Arts, culture and creativity

Silence, and the powerful reflection from Barb Joyce from Strathewen, a poem, from the poetry tree. A place that I know well.

A fabulous range of speakers. Evonne Miller from QUT, Jen   Rae from Fair, Share, Fair, Scotia Monkivitch, from Creative Recovery Network, and Barbara Joyce from Strathewen.

Maree Grenfell from   Resilient Melbourne opened with: Arts: Why this, why now. Arts can help by reimaging th way we do things, building and rebuilding communities, creating memorials, sharing stories, allowing people to give, acknowledgeing and connecting with each other despite fdiffernece, improving health outcome bringing order from disorder.

Jen Rae, is a lead artist with the Refuge project and fair share fare. Her starting question is: What do you know that you don’t you know tat we all might need to know in a disaster. Its about future proofing, and about future blindness. Fair share fare the use of food, and

Food is our most powerful narrative: 30% of greenhouse emissions comes from food production.

Future proof survival guide is being developed  from story telling. Look forward to it!

Evonne Miller introduced poetic inquiry into older people’s experiences. Interviews with 10 older adults, with a range of experiences. Some had experience of the 74 floods, some were out of their homes for up to the year. They decided to use a technique called, research poetry, is taking the words from a research interview, and creating poetry.  The approach she used, she termed, was ICCEE. Immerse in the poem, create it, (Critical Reflection)check if its OK, (ethics)c heck with the person, and engage with it.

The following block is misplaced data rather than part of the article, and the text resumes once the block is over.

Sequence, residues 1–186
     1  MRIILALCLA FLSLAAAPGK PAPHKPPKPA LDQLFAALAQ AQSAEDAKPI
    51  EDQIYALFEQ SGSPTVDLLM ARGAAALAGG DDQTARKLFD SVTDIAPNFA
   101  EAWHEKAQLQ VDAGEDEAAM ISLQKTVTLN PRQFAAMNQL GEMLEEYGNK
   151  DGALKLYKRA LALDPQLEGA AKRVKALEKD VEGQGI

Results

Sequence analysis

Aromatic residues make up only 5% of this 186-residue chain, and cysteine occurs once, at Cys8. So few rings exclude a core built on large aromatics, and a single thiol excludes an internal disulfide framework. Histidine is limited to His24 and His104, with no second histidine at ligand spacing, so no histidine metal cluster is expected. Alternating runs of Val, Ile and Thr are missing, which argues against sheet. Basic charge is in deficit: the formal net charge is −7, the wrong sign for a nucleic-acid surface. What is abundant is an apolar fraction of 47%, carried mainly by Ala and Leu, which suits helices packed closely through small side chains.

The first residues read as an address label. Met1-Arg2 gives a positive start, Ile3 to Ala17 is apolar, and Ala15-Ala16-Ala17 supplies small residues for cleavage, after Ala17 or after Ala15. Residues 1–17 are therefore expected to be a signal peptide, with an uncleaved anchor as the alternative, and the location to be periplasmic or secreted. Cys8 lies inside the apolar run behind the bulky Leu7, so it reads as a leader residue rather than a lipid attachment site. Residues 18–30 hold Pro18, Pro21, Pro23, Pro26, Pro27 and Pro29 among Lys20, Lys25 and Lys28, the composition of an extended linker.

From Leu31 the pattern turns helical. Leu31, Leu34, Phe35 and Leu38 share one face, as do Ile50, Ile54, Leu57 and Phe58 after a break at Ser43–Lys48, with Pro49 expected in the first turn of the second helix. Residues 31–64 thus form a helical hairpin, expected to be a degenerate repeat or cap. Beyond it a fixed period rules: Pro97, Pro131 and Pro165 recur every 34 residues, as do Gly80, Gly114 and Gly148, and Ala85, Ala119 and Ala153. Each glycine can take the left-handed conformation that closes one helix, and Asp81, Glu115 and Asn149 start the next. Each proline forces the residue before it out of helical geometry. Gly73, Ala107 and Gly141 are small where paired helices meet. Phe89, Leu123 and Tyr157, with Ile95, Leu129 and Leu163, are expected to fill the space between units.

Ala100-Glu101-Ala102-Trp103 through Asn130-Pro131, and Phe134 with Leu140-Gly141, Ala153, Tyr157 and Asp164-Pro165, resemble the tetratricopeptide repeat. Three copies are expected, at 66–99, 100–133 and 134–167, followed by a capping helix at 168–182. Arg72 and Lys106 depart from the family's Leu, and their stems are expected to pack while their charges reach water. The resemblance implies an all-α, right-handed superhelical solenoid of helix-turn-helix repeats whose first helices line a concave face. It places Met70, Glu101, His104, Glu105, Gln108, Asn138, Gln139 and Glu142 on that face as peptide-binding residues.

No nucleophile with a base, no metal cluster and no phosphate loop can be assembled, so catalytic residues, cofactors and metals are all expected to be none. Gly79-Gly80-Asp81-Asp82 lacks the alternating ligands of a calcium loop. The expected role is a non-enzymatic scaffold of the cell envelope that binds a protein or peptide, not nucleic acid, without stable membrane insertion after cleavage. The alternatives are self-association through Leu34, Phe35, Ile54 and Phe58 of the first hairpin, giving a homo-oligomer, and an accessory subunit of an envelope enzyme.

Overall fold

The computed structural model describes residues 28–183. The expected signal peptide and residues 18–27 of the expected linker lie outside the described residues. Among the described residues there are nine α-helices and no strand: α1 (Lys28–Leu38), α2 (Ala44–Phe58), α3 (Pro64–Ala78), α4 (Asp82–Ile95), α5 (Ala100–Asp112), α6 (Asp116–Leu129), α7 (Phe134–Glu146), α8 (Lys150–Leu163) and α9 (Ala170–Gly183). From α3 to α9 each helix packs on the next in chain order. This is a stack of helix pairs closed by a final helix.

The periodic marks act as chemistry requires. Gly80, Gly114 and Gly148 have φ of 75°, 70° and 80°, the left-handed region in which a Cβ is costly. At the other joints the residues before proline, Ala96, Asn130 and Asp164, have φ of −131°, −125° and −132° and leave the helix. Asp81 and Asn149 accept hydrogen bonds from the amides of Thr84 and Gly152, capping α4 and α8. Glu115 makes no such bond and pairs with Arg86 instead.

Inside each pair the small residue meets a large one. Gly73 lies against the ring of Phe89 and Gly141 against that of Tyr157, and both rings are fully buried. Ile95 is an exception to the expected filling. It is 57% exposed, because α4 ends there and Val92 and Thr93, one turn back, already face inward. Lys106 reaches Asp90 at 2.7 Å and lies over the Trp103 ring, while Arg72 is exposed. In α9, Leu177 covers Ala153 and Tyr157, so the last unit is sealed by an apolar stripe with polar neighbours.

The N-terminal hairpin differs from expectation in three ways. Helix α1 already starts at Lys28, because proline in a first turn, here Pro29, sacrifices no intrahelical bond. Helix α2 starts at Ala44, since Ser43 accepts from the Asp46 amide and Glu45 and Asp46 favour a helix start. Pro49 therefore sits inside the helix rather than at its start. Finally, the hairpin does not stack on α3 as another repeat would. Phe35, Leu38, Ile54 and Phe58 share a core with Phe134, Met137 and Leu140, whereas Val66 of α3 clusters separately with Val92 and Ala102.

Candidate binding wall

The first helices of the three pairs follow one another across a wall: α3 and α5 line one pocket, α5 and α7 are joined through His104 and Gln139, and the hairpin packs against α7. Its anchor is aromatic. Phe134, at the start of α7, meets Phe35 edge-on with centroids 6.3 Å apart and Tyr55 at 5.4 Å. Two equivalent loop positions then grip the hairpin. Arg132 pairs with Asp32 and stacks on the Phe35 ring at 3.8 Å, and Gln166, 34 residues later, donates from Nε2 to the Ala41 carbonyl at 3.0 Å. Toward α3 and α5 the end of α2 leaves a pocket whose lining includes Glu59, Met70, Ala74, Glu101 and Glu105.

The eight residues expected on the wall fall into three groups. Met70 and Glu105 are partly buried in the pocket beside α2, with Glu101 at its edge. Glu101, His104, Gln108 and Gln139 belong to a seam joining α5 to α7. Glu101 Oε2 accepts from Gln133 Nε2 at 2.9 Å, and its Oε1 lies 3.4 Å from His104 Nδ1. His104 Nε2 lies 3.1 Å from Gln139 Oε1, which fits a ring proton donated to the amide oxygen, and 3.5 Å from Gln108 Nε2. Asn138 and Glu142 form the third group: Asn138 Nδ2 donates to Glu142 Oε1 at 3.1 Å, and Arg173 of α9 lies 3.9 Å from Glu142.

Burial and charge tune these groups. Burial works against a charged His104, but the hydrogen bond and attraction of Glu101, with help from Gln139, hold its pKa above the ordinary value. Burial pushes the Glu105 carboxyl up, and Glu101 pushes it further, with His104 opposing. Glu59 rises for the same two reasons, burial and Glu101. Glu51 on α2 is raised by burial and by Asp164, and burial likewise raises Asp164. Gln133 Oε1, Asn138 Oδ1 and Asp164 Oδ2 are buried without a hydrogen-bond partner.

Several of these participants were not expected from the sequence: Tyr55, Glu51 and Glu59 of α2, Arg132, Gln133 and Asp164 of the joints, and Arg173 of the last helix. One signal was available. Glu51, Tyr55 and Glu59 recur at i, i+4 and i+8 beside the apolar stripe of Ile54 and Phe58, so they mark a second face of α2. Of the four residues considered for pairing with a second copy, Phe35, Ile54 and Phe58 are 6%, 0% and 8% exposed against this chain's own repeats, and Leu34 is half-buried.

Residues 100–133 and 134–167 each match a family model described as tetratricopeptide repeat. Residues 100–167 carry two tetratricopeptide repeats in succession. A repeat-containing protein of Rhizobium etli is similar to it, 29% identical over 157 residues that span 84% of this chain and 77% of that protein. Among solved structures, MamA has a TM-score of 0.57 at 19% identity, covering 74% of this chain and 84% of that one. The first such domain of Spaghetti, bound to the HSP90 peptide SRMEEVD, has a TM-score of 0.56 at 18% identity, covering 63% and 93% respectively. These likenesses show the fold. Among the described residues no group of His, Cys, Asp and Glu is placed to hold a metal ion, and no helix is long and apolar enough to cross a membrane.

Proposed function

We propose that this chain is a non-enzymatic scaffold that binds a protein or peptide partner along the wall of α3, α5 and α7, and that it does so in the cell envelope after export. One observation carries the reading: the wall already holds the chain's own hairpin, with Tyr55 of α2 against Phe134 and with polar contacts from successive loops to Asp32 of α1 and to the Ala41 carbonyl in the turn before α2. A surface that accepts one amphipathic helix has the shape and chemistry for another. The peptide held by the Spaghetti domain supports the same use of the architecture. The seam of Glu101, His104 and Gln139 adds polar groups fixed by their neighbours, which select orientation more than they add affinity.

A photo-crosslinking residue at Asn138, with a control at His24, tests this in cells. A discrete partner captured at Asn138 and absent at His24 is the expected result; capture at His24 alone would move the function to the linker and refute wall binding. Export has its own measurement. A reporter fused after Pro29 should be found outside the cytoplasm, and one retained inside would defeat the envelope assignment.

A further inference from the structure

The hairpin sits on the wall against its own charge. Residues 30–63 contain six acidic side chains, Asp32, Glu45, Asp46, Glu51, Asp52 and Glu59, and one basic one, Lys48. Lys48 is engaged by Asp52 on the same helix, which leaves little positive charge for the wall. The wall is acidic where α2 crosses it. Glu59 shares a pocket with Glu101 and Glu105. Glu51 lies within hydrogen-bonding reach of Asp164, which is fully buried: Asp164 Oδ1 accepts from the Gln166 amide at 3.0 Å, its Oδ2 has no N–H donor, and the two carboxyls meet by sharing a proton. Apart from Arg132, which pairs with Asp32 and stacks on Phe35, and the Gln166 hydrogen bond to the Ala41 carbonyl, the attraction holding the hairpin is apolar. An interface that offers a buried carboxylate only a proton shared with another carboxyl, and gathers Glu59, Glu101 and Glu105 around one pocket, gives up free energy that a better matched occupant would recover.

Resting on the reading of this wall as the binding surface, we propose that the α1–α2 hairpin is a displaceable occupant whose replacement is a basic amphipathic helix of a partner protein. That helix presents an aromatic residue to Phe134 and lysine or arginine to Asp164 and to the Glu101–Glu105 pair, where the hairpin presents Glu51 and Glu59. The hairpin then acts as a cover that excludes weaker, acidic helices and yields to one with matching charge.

Barbara Joyce described the days and weeks after Strathewen, the devastation and loneliness of the Black Saturday fires. She was driving home, and saw a note on the tree by the bridge. Thinking it was a coroners note, she stopped to read it, it was a note from a neighbour, about her sister coming home from hospital. Barb went home and wrote a poem, and pinned it on the tree. More poems and notes appeared, the tree became renowned. Some poems fell off, the ephermeral memorial is a reminder that nothing is permanent. She then described the development of the memorial, a project close to my heart. What was so wonderfl was to see how the memorial is being used to educate the kids from the primary school about the fires, in such a creative way.

SCotia Monkivitch introduced the creative recovery network, with a wonderful film describing the work of the network. The strength of the organisation is around capacity building and advocacy, and understanding the context in which they are working. They are also now embedded in the Victorian emergency management arrangements

 

 

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